Greece wants to offer visas to “digital nomads”, ie professionals working remotely in another country and whose number is expected to skyrocket in the coming years.
Spurred on by research which shows the country is lagging behind in attracting digital nomads – Greece ranks 50th out of 85 countries included in a recent study – the government plans to introduce a visa program for these people in during the summer. This will be included in a bill tabled by the Ministry of Migration.
The number of digital nomads around the world is expected to reach 1 billion by 2035. Competition to attract them is fierce, but the pool is also huge.
Recent research from the Massachusetts Institute of Technology estimated that if Greece could attract 100,000 digital nomads per year, and if they stayed in the country for six months on average, the annual net benefit to the economy would reach 1.3 billion euros, roughly the impact from a one-week stay of 2.5 million tourists.
Greece will highlight its relative advantages – such as natural beauty, a pleasant climate, a high standard of living, the country’s credibility in the face of emergencies, its time zone which allows coordination and communication with important time zones in the east. and in the West, its Membership of the Union, the euro zone and the Schengen area and, most recently, its rapid pace of digital transformation.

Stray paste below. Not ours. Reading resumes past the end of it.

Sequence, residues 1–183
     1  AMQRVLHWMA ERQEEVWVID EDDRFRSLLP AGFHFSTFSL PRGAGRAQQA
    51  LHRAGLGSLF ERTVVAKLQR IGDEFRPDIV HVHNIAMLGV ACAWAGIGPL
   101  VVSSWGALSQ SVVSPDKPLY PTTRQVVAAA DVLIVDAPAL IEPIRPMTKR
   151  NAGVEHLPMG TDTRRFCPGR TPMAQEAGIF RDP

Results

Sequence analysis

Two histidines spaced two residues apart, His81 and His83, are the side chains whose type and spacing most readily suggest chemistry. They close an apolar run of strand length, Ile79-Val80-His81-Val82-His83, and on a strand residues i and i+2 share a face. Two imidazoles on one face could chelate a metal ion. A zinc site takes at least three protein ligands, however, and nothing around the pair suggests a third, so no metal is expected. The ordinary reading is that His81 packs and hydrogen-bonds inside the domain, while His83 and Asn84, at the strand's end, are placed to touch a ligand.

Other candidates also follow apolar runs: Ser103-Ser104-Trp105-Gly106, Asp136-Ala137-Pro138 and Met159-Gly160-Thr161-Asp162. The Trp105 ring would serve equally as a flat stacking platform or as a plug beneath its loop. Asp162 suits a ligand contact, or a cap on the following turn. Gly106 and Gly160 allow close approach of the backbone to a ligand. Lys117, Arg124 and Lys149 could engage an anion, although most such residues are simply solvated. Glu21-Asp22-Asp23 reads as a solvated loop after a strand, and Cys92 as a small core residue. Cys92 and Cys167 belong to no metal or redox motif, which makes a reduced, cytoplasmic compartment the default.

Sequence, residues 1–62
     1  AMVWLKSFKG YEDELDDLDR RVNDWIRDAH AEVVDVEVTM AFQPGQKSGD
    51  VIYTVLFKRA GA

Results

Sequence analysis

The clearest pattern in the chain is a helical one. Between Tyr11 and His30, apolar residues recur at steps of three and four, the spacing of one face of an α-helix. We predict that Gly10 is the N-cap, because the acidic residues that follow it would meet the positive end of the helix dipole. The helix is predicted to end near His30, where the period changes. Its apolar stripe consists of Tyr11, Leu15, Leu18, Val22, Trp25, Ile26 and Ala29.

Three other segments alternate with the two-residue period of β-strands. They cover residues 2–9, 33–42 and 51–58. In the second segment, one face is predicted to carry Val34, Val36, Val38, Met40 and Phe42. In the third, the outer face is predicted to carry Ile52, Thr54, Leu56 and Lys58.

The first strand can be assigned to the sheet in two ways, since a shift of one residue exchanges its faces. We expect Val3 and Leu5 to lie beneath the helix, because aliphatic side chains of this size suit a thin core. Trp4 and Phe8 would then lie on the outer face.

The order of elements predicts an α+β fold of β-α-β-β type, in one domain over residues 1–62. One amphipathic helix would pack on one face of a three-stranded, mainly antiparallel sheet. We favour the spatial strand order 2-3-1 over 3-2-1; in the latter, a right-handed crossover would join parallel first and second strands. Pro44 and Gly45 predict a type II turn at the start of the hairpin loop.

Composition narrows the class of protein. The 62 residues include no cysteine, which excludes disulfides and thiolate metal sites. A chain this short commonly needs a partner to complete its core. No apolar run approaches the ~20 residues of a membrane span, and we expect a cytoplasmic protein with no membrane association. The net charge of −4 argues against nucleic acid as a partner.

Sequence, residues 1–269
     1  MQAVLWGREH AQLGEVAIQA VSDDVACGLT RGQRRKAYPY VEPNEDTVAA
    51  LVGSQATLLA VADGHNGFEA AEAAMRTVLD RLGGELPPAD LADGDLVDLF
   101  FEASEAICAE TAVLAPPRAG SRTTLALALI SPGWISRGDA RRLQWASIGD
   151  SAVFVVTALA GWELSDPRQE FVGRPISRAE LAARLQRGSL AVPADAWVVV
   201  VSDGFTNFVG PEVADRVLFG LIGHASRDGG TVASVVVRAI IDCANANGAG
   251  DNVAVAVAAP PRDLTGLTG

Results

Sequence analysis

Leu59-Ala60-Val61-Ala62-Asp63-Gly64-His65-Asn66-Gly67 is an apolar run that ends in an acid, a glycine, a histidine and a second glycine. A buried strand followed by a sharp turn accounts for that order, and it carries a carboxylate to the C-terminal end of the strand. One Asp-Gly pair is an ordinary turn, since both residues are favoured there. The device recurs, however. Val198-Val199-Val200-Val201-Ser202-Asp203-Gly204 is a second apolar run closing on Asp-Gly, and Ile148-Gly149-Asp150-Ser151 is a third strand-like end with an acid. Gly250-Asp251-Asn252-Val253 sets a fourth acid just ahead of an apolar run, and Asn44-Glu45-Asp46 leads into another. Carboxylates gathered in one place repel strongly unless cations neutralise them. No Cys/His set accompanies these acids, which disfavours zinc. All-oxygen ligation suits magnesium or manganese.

The digital nomad visa will specifically target UK citizens, as Greek officials believe Brexit will help increase the number of professionals looking to work elsewhere. The initial visa period will be double for UK nationals than for others.
The aim is that these visas, granted strictly for working outside Greece, initially stimulate the catering, real estate and tourism sectors, while some nomads may also choose to shift their tax base to Greece.
Following the incentives of the Golden Visa program for investors, there will be a 50% tax deduction for the first seven years of tax residency.